There are certainly some caveats to point out with this approach. First, there is the rather standard disclaimer that past performance does not guarantee future results. Second, there are trading costs associated with such an approach that are not reflected in the chart above. If the movement in the markets is quite volatile, you could find yourself making monthly trades. If there are commissions involved, as there often are when trading ETFs, frequent trading will reduce your returns. Bid-Ask spreads are another aspect of trading costs in that you typically get a slightly lower price (the bid price) when you sell, and pay a slightly higher price (the ask price) when you buy. Third, an investor who does this kind of trading in a non-registered account may be subject to capital gains taxes or at the least, somewhat more complex tax-filing. For this reason, it is probably more convenient to confine the Hot Potato Portfolio to tax-free or tax-deferred accounts like TFSAs or RRSPs. Fourth, there is always the possibility that a single category could perform so badly that the portfolio will be irreparably damaged before the switch can be made. Maintaining a balance with fixed income and equities from other categories won’t stop losses altogether but it should reduce the severity of such losses.


An alternative would be to invest in index mutual funds rather than ETFs. These typically do not have trading costs and usually do not charge fees if you hold the position for at least 30 days before selling it again. There would be a slightly higher MER, however. Rothery’s research suggested that, on average, there were only 1.7 large trades per year, so the number of trades may not be that onerous.


Cooling Off the Hot Potato

Some people are risk takers by nature. For such people, concentrating their portfolio in a single category, as the Hot Potato approach does, is not an issue. Others are more cautious and want a simple investing approach that requires little action on their part. For them, a broadly diversified balanced mutual fund or asset-allocation ETF will do the job just fine. However, there may be a few people out there who are intrigued by the Hot Potato idea but want to temper the heat a bit. For those people, these two options may be worth considering:


1. Maintain a Fixed Income (Bond) Component

Let’s suppose that you have assessed your risk tolerances and required rates of return and have decided that a 60% equity / 40% fixed income asset allocation works for you. You could simply maintain your 40% fixed income holding and only adjust the equity portion. In fact, if your fixed income portion is held in a series of GICs, then you cannot trade out of them anyway until they mature. In this scenario, at the beginning of a new month, you would put the 60% equity portion entirely into the best performing of the three equity funds: Canadian, US, or International. And, when a major downturn occurred, and all three of the equity funds performed poorly, you would put everything into a fixed income or bond fund and leave it there until one of the three equity funds became the better performer again.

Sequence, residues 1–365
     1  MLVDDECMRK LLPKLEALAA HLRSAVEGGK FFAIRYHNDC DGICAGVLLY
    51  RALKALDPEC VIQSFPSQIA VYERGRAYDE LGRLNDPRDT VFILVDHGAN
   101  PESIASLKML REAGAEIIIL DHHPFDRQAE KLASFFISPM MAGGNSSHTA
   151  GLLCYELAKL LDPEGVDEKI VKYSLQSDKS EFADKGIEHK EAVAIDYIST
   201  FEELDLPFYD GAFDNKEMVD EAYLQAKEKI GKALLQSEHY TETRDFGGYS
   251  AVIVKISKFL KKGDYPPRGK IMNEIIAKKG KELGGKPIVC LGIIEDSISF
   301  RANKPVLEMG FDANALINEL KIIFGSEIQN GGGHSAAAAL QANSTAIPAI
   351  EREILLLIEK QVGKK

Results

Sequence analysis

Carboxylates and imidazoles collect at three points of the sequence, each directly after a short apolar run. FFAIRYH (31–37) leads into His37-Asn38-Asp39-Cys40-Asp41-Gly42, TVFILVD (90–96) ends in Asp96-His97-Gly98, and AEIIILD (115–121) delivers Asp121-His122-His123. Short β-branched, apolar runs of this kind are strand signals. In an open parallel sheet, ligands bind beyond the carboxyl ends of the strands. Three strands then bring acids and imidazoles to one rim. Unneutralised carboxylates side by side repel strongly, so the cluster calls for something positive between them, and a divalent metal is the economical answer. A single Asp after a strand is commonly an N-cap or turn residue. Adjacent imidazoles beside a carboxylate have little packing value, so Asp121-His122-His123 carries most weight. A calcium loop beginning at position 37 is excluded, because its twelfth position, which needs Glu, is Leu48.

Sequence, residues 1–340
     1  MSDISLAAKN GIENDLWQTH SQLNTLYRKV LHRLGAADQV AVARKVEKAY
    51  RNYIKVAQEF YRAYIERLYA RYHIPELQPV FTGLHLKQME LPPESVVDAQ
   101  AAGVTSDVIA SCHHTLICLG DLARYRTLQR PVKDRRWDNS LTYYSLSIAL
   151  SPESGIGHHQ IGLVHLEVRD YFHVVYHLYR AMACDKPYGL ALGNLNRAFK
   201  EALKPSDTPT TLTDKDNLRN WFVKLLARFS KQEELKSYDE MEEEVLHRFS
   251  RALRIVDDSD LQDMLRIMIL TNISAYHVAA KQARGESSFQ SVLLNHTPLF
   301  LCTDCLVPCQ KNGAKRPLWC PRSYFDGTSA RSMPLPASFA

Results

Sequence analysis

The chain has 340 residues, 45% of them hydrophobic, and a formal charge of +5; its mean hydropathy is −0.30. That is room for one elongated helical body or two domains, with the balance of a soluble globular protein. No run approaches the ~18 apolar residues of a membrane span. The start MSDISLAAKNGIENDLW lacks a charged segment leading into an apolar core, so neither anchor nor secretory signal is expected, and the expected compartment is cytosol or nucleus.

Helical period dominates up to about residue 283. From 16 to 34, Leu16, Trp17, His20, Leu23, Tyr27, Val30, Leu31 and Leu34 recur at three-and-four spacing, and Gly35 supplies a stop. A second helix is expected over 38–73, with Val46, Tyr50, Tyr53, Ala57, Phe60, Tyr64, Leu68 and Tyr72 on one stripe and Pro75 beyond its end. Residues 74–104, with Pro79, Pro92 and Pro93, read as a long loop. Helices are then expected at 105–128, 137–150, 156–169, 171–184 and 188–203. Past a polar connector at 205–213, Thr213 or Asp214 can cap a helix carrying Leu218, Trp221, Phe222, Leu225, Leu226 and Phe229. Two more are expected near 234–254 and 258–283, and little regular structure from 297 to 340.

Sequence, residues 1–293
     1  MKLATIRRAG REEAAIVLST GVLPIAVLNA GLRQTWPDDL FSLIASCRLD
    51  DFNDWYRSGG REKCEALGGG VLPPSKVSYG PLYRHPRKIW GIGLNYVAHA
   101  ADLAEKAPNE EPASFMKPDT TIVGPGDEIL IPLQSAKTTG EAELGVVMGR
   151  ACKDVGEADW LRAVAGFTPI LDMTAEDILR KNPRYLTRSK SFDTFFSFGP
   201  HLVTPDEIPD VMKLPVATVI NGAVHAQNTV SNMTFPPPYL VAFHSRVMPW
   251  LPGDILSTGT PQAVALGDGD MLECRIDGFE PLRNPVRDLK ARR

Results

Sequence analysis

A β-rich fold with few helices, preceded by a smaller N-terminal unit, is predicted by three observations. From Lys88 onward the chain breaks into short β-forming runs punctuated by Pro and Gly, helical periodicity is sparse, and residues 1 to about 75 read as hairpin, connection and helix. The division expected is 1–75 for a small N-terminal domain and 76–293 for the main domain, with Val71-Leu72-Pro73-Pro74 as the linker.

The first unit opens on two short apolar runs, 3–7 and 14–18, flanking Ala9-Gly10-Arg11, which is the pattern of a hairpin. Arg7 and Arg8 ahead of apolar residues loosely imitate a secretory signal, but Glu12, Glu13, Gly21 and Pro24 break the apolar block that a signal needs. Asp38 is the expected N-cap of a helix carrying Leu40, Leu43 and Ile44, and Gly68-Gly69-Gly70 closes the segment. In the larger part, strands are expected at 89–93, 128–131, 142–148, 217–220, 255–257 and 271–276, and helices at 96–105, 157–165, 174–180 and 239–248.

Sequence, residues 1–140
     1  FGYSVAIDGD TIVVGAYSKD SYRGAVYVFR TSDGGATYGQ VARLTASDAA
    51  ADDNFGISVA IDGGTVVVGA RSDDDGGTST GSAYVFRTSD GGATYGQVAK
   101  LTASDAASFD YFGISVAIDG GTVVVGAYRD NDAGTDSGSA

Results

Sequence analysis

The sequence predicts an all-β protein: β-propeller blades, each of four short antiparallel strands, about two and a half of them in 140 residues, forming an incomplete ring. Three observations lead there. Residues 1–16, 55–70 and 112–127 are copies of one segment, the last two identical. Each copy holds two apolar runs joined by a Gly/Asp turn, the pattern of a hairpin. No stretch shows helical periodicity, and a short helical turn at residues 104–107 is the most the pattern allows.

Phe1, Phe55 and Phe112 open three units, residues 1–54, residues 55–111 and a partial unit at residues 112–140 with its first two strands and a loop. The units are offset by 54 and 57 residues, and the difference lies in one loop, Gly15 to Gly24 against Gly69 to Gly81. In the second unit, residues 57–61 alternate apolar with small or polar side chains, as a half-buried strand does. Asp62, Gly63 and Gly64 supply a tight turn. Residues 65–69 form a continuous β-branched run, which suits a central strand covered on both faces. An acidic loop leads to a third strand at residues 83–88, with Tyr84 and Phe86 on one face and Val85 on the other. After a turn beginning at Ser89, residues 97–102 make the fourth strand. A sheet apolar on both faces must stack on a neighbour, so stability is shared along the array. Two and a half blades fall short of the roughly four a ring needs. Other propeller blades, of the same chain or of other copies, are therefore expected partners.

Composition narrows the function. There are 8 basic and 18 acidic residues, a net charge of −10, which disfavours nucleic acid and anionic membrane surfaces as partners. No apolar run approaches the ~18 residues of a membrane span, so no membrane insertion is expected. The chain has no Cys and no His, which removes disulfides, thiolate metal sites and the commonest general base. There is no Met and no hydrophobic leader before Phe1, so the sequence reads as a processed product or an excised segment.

2. Use Asset-Allocation ETFs

Asset-Allocation ETFs, like those offered by Vanguard, BlackRock’s iShares, Bank of Montreal, and others, are so-called one-ticket solutions. Among the providers, asset allocations can range from as aggressive as 100% equity to as conservative as 20% equity and 80% fixed income. When the stock market is showing a year-long record of trending upward, you would invest in a 100% equity portfolio, but as soon as the 20/80 portfolio began to outperform you would make the switch. Given the year we have had, you may have chosen to switch out of a 100% equity portfolio in late February and then gotten back into it later in the year.


Obviously, there is no perfect solution. In my last blog post, I wrote that I target a 50/50 equity/fixed income portfolio for my investments; taking bigger risks with the investments that I hope will fund what could be several decades in retirement, is not the kind of risk I am interested in at this point. However, for the right kind of person, this may be a helpful approach. Certainly, for the person seeking to hit a home run on a single stock the Hot Potato Portfolio strategy is downright conservative. I will leave it to you to decide if the Hot Potato is at the right temperature for you.


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Disclaimer: This blog post is intended for general information and discussion purposes only. It should not be relied upon for investment, insurance, tax, or legal decisions.